The Road Back for Furyk Will Be Slow

By Associated PressJuly 1, 2004, 4:00 pm
Cialis Western OpenLEMONT, Ill. -- Last year, all Jim Furyk heard about was his U.S. Open victory. This year, all anyone asks about is his wrist. Furyk is making his return to the regular PGA Tour in the Western Open this week.
 
He had surgery in March to repair torn cartilage in his left wrist, and didn't play again until the U.S. Open two weeks ago.
 
'The wrist is feeling fine,' he said Wednesday. 'Eventually I'll get a sign on my bag saying, 'The wrist is fine, thanks for asking.' It's everyone's question and it's understandable. I appreciate everyone being nice about it.'
 
Furyk came to the Western as something of a conquering hero last year, having won the U.S. Open at nearby Olympia Fields just three weeks earlier. He tied for third, then went on to win the Buick Open, which vaulted him to a career-best third in the world golf rankings. He finished his season with two more top-10 finishes.
 
But Furyk had started feeling pain in his wrist at last year's British Open. It would go away when he took some time off, but always returned. After the Hawaii swing in January, he got a cortisone shot in hopes that would allow him to keep playing.
 
By early February, though, he couldn't grip a club.
 
'It got to the point where I started gripping the club and I couldn't do that anymore,' he said. 'Yeah, I was nervous. You never know what's going to happen. The worst part is not knowing.'
 
He finally had surgery in March. Furyk said his doctor hoped he'd be playing within three months - he beat that estimate by a week at the U.S. Open - and by six months, would forget he'd even had the injury.
 
'So we'll see,' Furyk said. 'Time will tell.'
 
For now, he's working his way back onto the tour gradually. He hopes to take at least one week off between every event he plays and see how the wrist responds.
 
'I think toward the end of the year, you'll see me hopping into three weeks on, a week or two off, three weeks on and try to get a little rhythm before the end of the year,' he said.
 
Furyk made the cut in the U.S. Open by a shot, an accomplishment in his first competitive event in almost six months. But he struggled on the weekend - like many did - and tied for 48th at 18 over.
 
Time on the course is all his game really needs, Furyk said. But he knows better than to push it. Don't expect to see him on the practice range, hitting a couple of hundred balls after he finishes his rounds this week.
 
'I have to be patient. It's going to take some time to get back to where I was at the end of last year,' he said. 'I have to be very wise about the amount of time I put in right now. I'm very capable of playing 72 holes and finishing the tournament, but not beating balls every day.'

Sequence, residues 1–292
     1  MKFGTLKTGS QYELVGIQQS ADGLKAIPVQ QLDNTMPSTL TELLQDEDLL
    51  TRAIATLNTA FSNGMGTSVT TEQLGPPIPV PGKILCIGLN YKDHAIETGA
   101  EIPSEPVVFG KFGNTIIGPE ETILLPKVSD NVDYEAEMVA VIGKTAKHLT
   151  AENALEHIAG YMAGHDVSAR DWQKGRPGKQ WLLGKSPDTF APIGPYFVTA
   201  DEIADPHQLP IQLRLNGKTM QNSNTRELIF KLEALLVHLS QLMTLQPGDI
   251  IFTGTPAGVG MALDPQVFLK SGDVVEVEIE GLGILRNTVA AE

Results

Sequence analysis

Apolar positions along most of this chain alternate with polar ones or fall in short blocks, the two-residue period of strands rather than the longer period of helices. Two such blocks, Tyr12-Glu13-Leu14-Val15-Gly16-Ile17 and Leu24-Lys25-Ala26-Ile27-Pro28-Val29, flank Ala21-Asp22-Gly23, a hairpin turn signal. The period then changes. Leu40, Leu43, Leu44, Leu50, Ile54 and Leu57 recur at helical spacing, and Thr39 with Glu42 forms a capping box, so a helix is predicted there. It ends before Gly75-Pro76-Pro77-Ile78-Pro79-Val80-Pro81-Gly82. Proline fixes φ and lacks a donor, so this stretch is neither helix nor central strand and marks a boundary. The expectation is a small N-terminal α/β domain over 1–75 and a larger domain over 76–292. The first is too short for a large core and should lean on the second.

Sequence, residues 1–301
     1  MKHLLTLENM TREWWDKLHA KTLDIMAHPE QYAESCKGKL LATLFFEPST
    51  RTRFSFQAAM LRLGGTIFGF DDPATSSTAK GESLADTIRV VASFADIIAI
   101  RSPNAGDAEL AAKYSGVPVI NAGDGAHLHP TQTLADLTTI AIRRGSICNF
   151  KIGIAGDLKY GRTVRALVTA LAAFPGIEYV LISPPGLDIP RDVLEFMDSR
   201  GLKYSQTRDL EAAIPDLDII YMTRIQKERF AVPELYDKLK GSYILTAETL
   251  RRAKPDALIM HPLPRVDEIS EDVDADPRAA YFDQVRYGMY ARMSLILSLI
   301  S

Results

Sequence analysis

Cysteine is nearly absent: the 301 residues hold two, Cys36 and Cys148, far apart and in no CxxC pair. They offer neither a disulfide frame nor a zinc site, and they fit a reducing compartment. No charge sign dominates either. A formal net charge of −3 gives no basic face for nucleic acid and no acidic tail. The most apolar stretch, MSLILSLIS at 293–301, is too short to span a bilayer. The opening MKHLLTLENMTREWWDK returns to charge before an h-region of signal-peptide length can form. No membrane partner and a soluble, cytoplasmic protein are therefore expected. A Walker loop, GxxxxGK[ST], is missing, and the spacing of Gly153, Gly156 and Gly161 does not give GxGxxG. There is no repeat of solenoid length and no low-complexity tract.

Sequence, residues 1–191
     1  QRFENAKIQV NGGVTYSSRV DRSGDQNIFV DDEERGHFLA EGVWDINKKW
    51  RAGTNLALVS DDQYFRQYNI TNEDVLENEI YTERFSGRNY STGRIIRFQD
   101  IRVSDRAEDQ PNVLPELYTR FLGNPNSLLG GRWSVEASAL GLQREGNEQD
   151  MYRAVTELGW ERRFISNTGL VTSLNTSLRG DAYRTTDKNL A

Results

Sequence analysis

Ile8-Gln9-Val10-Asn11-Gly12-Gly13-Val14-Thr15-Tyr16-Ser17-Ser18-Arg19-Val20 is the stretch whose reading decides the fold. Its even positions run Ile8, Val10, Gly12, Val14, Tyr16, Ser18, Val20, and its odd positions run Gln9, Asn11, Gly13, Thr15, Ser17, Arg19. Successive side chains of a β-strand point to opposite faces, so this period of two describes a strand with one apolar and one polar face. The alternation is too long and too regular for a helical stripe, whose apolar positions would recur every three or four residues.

Furyk isn't the only one trying to get his game back to major-winning shape. Tiger Woods arrived at the Western Open having not been a factor in either of the year's first two majors. He hasn't won much on the regular tour either, notching one victory in his first 11 starts.
 
Then again, Woods heard the same things before last year's Western Open - and promptly went out and shattered a bunch of records on his way to a wire-to-wire win.
 
'Certainly I'm not playing as well as I know I can,' Woods said. 'I feel like the game is very close to coming together. I know I keep saying that, but I feel in my heart of hearts that it is. I'm close to putting it together.'
 
This might be the perfect place for him to do it. Woods has always loved the Western, playing it every year but one since he turned pro - he withdrew because of the flu in 2002 - and winning it three times.
 
He knows the Dubsdread course at Cog Hill Golf Club probably better than anyone but owner Frank Jemsek. Last year, he opened with a 9-under 63 that tied the course and tournament records. His 21-under 267 matched the Western Open record, and he was the Western's first start-to-finish winner since 1993.
 
And there's no question he feels at home here. A grin spread across his face as he talked about his past trips to Cog Hill, and he didn't get defensive at all when he was asked about the problems with his game.
 
'Everybody goes through highs and lows in their career. Everyone,' he said. 'It goes in waves. You don't want to do that, trust me. But it happens.'
 
Copyright 2003 Associated Press. All rights reserved. This material may not be published, broadcast, rewritten or redistributed.
 
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    Perez skips Torrey, 'upset' with Ryder Cup standings

    By Will GrayJanuary 24, 2018, 2:19 am

    Pat Perez is unhappy about his standing on the U.S. Ryder Cup points list, and his situation won't improve this week.

    Perez won the CIMB Classic during the fall portion of this season, and he followed that with a T-5 finish at the inaugural CJ Cup. But he didn't receive any Ryder Cup points for either result because of a rule enacted by the American task force prior to the 2014 Ryder Cup which only awards points during the calendar year of the biennial matches as well as select events like majors and WGCs during the prior year.

    As a result, Perez is currently 17th in the American points race - behind players like Patrick Reed, Zach Johnson, Bill Haas and James Hahn, none of whom have won a tournament since the 2016 Ryder Cup - as he looks to make a U.S. squad for the first time at age 42.